( ENSPIRE She Did That ) Young Interior Designer Leah Atkins Discusses Personal Passion Projects and Offers Designs Tips and Insights
ENSPIRE Contributor: Claya Davis
As a young interior designer, Leah Atkins’ public perception as one of Atlanta’s most sought-after designers among particularly discerning homeowners is certainly remarkable. While her 4-year-degree in interior design certainly prepared her for a career in the field, her attention to detail, natural intuition, and desire to put a twist on classic styles are what truly catch the attention of potential clients.
“Many of my clients are traditionalists, but they also want something highly personal,” Atkins explains. “It’s more than just the iconic pillars and the graceful front porches and the formal dining rooms with the great chandeliers. I help my clients really get at what makes them happy.”
Atkins also possesses an exceptional understanding of the psychological effect of various lighting and color conditions, which allows her to create spaces that are conducive to positive emotions and encourage inner peace. She attributes her ability to use this insight in her designs to her mental health therapist husband, whom she lovingly refers to as the “marriage counselor” of her business.
When making design decisions regarding wall color specifically, Atkins argues that bravery is essential. Although she personally claims to be in a “white wall” phase herself, she firmly believes that her clients can and should experiment and play with color in their spaces. She even encourages many of her clients to consider using black, whether as trim or the main color in their space. “Every single time, they question the choice,” says Atkins, “but every single time, they fall in love with the final product.” Her ability to ease homeowners out of their comfort zones and expand their aesthetic preferences is certainly one of her personal trademarks and claim to Southern homeowner fame.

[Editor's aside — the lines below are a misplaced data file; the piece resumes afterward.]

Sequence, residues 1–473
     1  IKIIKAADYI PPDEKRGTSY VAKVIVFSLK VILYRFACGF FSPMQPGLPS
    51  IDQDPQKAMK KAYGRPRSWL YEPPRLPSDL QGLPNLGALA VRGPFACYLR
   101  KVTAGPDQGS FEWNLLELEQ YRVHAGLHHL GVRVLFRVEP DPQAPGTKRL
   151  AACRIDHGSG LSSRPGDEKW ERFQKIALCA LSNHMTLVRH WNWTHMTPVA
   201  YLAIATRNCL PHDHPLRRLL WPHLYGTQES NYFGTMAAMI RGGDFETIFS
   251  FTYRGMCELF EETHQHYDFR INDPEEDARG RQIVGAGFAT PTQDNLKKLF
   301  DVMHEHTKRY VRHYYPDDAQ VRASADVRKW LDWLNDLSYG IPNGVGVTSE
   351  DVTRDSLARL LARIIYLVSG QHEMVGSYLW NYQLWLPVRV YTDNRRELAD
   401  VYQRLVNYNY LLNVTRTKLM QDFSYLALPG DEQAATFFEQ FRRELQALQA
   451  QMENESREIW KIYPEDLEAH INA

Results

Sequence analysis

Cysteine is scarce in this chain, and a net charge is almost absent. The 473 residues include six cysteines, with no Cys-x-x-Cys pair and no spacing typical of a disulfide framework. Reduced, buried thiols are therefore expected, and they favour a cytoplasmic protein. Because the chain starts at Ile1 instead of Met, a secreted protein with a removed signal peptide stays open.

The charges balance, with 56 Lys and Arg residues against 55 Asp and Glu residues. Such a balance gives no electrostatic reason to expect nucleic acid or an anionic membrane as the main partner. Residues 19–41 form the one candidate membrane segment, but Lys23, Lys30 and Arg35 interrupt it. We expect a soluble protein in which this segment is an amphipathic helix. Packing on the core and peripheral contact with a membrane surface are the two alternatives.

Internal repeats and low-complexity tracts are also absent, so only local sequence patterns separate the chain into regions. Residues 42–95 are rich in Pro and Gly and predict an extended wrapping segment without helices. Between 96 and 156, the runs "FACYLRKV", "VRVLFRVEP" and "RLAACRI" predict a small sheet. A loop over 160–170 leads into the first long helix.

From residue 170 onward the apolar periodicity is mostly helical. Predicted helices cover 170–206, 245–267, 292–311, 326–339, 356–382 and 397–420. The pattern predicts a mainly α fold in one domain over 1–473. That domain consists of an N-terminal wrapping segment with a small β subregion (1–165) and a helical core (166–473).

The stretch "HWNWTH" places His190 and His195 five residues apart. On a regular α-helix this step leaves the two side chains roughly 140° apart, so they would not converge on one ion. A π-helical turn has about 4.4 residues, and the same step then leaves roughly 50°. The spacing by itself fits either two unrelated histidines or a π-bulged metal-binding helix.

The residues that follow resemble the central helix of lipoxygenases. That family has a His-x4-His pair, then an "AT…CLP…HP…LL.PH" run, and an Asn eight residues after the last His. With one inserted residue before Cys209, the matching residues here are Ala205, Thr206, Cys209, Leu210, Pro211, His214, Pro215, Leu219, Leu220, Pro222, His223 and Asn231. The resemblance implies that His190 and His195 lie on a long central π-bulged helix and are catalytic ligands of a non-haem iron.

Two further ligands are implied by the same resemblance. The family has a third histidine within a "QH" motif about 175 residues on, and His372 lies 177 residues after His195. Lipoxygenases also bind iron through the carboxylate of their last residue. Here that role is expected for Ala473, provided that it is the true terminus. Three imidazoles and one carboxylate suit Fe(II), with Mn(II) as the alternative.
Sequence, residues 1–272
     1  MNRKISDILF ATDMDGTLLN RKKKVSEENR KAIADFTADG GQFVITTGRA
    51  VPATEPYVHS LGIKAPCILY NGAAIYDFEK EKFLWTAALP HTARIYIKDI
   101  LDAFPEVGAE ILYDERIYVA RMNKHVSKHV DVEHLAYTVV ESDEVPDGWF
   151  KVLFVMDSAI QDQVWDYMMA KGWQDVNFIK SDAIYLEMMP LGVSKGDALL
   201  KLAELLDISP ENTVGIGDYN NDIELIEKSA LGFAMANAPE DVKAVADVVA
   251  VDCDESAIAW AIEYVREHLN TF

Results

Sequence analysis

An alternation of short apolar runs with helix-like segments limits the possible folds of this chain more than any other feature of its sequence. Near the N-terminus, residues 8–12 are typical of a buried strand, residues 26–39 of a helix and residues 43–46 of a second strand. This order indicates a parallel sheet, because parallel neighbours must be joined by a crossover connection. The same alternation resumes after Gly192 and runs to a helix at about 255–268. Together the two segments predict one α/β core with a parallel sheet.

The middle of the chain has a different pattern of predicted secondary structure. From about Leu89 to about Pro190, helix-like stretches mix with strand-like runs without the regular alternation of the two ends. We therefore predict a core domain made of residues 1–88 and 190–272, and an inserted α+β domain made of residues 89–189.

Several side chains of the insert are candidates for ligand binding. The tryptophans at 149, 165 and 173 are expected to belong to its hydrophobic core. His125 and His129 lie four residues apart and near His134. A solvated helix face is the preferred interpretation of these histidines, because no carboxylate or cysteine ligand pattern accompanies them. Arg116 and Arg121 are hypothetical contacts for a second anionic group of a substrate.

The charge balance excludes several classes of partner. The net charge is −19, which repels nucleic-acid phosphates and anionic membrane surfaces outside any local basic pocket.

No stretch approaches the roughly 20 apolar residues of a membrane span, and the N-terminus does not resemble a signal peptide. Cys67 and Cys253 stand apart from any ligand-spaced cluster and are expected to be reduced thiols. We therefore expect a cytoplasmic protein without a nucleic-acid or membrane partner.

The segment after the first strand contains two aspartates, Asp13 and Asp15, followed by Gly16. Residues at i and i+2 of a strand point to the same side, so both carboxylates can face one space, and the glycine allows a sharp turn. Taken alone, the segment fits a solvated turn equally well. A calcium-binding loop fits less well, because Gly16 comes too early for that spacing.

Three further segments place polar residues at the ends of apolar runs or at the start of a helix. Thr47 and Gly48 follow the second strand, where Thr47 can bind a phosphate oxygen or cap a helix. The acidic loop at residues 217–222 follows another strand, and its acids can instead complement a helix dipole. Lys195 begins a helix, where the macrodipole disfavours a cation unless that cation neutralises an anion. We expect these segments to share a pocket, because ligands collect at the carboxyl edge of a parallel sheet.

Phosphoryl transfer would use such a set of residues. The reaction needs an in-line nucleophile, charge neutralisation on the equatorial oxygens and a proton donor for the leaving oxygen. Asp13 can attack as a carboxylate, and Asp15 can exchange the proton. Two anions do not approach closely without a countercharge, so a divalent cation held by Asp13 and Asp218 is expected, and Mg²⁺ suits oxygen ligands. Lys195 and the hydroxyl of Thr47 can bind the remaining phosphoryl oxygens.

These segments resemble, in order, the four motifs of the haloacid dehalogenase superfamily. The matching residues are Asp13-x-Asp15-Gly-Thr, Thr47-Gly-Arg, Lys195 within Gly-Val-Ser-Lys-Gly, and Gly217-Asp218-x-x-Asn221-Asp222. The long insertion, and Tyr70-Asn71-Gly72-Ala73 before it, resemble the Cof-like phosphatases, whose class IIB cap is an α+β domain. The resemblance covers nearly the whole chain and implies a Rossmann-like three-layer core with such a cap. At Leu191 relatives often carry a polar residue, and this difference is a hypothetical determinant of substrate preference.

Much like her calming, bold, and vibrant design decisions, Atkins’ love of family serves as a unifying force in her career and personal life. While she appreciates the community-driven, familial-focused, designs that are indicative of Southern Architecture and design aesthetic, Atkins describes her love for her own family as her primary motivation and guiding North Light.
“I have a deep passion for open, child-centered adoption. I have two children, a 2-year-old boy, and a 3-month-old girl, who are both adopted. We were chosen by their birth mothers while they were each pregnant, and we adopted our children at birth. We talk to the birth mothers every day, and they have become two of our closest friends, as well as becoming amazing friends with each other! It truly is a beautiful story about adoption and motherhood and how yes, it does take a village. My husband and I always want our children to know their stories, and to hopefully always have relationships with their birth mothers and biological families. Adoption can definitely be a difficult thing for any child, but this approach has been proven to be the healthiest for everyone involved. A lot of people act shocked and surprised when I casually mention their birth mothers, but open adoptions are starting to become the norm. There are still a lot of things that need to be repaired within the adoption industry, but we love our story of open adoption and feel so lucky to have both of our children and their birth mothers in our lives.”
In her own home, Atkins achieves a rare balance between comfort, convenience, and sentimentality. While she describes her house as a “smart home” in which “computers do everything,” she is also incredibly fond of furnishing her space with unique pieces that are rooted in history and lend uniqueness and personality to each individual room. “For my clients, modern means easy to use and discreet in terms of any ugly hardware,” says Atkins. “But it does not mean sterile, cold, or minimalist. My clients like warmth and comfort, which to me means well-being.”
Atkins’ designs have been featured on HGTV House Hunters Renovation, and in design publications like Architectural Digest, Modern Luxury, Style Blueprint, Explore Gwinnett, and Houzz.
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